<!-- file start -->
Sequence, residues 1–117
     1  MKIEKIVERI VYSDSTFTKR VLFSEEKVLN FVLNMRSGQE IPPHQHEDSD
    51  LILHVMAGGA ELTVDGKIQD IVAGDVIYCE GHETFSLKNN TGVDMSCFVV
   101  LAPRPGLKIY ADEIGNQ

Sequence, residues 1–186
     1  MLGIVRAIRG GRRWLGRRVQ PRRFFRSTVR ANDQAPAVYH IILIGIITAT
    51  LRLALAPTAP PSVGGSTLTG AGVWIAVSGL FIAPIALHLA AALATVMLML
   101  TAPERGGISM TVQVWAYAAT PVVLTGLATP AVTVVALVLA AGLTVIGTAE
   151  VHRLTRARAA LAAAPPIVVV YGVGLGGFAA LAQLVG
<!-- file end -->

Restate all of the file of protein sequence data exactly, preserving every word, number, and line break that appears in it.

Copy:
Sequence, residues 1–117
     1  MKIEKIVERI VYSDSTFTKR VLFSEEKVLN FVLNMRSGQE IPPHQHEDSD
    51  LILHVMAGGA ELTVDGKIQD IVAGDVIYCE GHETFSLKNN TGVDMSCFVV
   101  LAPRPGLKIY ADEIGNQ

Sequence, residues 1–186
     1  MLGIVRAIRG GRRWLGRRVQ PRRFFRSTVR ANDQAPAVYH IILIGIITAT
    51  LRLALAPTAP PSVGGSTLTG AGVWIAVSGL FIAPIALHLA AALATVMLML
   101  TAPERGGISM TVQVWAYAAT PVVLTGLATP AVTVVALVLA AGLTVIGTAE
   151  VHRLTRARAA LAAAPPIVVV YGVGLGGFAA LAQLVG